For someone with diabetes, it’s a little more complicated. “Individuals with Type 1 diabetes might find low carb diets are better, but with long distance running that’s very hard to do,” Panno explains. “CGM allows you to increase your carbs—a standard of running—in a way that is efficient for running and allows you to have your blood sugar levels controlled.”

The same idea applies to runners without underlying conditions. Personalization is key. You can learn how to fuel for long-distance running by monitoring how your blood sugar levels react to food and exercise.

Individualised information is ideal, but several clinical trial studies have attempted to optimize guidance on carbohydrate intake prior to endurance training. A small clinical trial found that eating carbohydrates 15 minutes prior to exercise led to better endurance.While another clinical trial found that adding a carbohydrate-electrolyte liquid during exercise to a pre-exercise meal further improved endurance running performance.

Preventing hypoglycemia during endurance exercise

Maintaining optimal blood sugar levels is critical for high performing long-distance runners. While Panno experienced about of hyperglycemia during his first marathon, for many long-distance runners hypoglycemia is the main concern. CGM can help runners understand how their individual bodies respond to physical exercise, revealing if they are prone to hypoglycemia during endurance events.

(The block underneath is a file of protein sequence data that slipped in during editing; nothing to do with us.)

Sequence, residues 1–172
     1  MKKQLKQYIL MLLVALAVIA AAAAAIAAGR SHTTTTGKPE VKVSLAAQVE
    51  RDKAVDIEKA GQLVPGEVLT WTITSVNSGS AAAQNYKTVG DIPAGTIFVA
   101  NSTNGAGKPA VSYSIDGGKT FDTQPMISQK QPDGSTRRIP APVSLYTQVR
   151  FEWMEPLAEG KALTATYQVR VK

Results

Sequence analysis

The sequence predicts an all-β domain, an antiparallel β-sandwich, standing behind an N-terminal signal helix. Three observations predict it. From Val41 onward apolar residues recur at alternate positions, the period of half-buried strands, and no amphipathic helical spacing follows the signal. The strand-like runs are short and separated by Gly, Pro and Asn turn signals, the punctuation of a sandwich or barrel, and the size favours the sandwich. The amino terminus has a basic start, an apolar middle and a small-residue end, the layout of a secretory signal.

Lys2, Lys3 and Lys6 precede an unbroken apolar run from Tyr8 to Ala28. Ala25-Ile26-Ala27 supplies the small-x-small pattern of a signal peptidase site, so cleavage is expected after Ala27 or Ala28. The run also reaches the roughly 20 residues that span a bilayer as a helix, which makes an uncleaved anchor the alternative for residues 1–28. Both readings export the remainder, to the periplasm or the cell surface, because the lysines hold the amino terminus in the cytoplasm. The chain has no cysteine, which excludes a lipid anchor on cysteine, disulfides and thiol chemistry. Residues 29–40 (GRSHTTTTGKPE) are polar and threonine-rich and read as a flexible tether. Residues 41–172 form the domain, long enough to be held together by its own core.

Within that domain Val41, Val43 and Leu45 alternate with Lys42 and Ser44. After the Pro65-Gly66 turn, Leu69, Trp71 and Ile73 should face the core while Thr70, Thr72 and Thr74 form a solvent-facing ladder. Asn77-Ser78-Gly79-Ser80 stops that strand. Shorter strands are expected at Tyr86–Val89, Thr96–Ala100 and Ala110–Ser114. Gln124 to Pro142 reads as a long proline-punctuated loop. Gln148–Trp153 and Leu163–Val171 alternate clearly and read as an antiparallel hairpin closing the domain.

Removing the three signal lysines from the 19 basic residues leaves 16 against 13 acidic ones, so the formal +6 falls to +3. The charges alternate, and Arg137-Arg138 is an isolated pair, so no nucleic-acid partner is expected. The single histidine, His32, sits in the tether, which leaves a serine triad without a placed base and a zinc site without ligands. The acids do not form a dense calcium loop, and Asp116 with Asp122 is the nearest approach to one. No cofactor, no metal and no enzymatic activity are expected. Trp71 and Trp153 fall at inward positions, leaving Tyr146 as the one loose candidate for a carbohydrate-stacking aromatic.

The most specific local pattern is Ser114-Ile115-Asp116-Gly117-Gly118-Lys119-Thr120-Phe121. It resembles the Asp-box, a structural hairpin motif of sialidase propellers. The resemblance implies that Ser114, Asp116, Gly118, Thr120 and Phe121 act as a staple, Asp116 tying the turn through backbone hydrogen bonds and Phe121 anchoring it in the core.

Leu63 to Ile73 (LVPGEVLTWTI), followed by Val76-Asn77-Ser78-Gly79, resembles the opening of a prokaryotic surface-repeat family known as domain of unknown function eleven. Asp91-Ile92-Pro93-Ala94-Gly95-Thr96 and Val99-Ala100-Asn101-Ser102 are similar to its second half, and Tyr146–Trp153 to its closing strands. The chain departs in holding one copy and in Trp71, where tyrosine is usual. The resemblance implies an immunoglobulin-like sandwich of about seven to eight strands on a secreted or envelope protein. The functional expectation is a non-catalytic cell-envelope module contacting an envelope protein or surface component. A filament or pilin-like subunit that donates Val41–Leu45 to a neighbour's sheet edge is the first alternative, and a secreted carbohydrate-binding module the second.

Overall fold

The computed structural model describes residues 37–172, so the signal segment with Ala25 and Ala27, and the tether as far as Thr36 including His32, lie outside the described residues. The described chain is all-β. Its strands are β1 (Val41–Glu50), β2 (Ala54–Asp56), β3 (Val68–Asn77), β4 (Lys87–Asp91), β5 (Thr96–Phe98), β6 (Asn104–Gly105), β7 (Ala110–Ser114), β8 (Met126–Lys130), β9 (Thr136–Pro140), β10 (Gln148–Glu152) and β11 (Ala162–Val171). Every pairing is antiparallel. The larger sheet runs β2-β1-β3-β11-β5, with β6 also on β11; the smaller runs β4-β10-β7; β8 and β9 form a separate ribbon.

According to the American Diabetes Association, their “15-15 rule” can help individuals—in particular those with diabetes—regulate blood glucose levels during exercise. If your blood sugar level is below 100mg/dL, eat 15 grams of carbohydrates and retest after 15 minutes, their guidance explains, repeating this process until blood sugar levels read at least 100 mg/dL.

As for continuing to use CGM in his racing endeavors, Panno doesn’t plan to stop anytime soon. “I’ve never run a race without it, and I don’t think I ever will,” he says.  

References:

Low Blood Glucose (Hypoglycemia)

Continuous glucose monitoring in diabetic long distance runners

Continuous glucose monitoring during a 100-km race: a case study in an elite ultramarathon runner

Different training status may alter the continuous blood glucose kinetics in self-paced endurance running

Hyperglycemia(High Blood Sugar)

Effects of carbohydrate ingestion 15 min before exercise on endurance running capacity

The effect of a high carbohydrate meal on endurance running capacity

Getting Started Safely Blood Sugar and Exercise